The National Collaborative on Childhood Obesity Research estimates nearly a third of youths today are overweight or obese; that’s more than 23 million children and teenagers. The Howard County Health Assessment Survey showed that one in two Howard County residents is overweight or obese, and that one in 10 Howard County parents were told by a doctor that their child should lose weight. In a 2008 survey, 17 percent of school-age children were considered overweight and 14 percent obese. Regardless of whether you think your child will outgrow his or her weight issues, childhood obesity has immediate and long-term effects on your child’s health and well-being.
Did You Know?
According to the Centers for Disease Control and Prevention, obese children and adolescents are more likely to:
Have risk factors for cardiovascular disease such as high cholesterol or high blood pressure
Experience bone and joint problems, sleep apnea, and social and psychological problems such as stigmatization and poor self-esteem
Be obese as adults; therefore, they are at greater risk for developing heart disease, type 2 diabetes, and osteoarthritis or having a stroke as well as have an increased risk for many types of cancer, including breast, colon, endometrium, esophagus, kidney, pancreas, gall bladder, thyroid, ovary, cervix and prostate.
What is Overweight vs. Obese?
Obese children and adolescents have a body mass index (BMI) at or above the 95th percentile for their gender and age. The term “overweight” describes those with a BMI at or above the 85th but below the 95th percentile. To calculate your child’s BMI, visit cdc.gov/bmi. According to Edisa Padder, M.D., a pediatrician on staff at Howard County General Hospital, the goal of BMI screening is to recognize the weight gain trends earlier and initiate prevention before serious obesity has developed.
What Can Parents Do?
Dana Wollney, M.D., a pediatrician on staff at HCGH, outlines simple things parents can do to help their children with weight loss:
Confirm that your child is ready to work on their weight.
Once they are committed, include their physician as an extra layer of accountability.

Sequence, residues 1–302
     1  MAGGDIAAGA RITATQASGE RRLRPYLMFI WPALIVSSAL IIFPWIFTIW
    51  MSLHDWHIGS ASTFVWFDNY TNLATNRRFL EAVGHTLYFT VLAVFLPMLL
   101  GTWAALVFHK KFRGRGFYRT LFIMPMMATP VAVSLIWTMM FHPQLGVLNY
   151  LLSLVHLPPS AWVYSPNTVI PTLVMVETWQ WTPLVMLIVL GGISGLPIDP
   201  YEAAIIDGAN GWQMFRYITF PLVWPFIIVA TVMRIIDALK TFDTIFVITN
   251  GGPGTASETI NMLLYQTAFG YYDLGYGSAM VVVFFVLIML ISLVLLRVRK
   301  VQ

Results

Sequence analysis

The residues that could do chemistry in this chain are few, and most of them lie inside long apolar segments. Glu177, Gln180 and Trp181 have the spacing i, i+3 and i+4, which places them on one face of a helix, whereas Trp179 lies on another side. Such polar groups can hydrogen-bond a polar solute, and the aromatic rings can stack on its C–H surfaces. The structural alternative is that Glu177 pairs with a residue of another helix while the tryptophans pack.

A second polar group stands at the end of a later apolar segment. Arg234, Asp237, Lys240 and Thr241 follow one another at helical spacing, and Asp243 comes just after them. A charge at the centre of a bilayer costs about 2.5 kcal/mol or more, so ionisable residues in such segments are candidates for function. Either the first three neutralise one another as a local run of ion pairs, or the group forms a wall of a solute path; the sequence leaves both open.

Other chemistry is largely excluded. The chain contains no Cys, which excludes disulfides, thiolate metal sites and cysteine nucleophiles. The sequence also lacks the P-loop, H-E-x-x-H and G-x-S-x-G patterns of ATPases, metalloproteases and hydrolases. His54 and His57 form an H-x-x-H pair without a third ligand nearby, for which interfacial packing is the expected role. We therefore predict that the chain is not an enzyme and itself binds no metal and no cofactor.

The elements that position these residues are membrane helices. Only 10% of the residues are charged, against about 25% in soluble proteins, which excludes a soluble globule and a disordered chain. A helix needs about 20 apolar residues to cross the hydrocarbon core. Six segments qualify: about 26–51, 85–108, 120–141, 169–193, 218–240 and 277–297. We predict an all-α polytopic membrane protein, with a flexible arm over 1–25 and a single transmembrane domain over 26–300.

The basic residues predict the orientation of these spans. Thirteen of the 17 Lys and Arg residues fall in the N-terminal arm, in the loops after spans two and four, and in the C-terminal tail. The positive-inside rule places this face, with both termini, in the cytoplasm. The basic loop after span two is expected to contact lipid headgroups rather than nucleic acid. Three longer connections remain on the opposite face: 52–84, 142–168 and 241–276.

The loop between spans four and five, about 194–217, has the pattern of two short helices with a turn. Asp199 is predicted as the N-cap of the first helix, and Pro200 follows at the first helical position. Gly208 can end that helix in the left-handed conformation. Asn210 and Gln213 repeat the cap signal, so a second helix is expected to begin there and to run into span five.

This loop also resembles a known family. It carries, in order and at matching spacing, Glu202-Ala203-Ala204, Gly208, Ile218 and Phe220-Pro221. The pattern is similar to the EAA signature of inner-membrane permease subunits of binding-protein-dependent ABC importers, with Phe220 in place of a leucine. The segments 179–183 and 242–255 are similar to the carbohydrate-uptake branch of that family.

Establish goals so everyone is on the same page; work with your physician to determine what is a reasonable amount of weight loss.
Change one habit at a time. Once a new habit becomes routine, it is easier to keep and you are more likely to be successful.
“Close” the kitchen before bed to avoid snacking right before bedtime.
Offer fresh fruit and vegetables; they will help your child feel full and your child will come to appreciate natural sweetness.
Pack your child’s lunch for school and be sure to include fresh fruit versus cookies/unhealthy snacks.
Remember you don’t have to be perfect to claim success—even five pounds of weight loss has health benefits.
“A nutritious diet is necessary to maintain a healthy weight but exercise is important too. Family exercise time is a great way to strengthen both muscles and relationships,” says Dr. Padder. “Exercise does not have to be rigorous. A great way to start being active is simply walking together as a family. And, remember to be a good role model for your children; if your children see you eating healthy and exercising, they will be more likely to do those things too.”
Weighing in on Your Child’s Weight
For more information, join us for a free panel discussion on March 25, 6:30–8:30 p.m. at the Howard County General Hospital Wellness Center. Join pediatrician Edisa Padder, M.D.; psychiatrist Robin Toler, M.D.; dietitian Ashli Greenwald; and exercise specialist Suzie Jeffreys to hear ideas, tips, and tools to help your child reach a healthier weight. Submit your questions in advance to HCGH_news@jhmi.edu. Click here to registerfor this free discussion.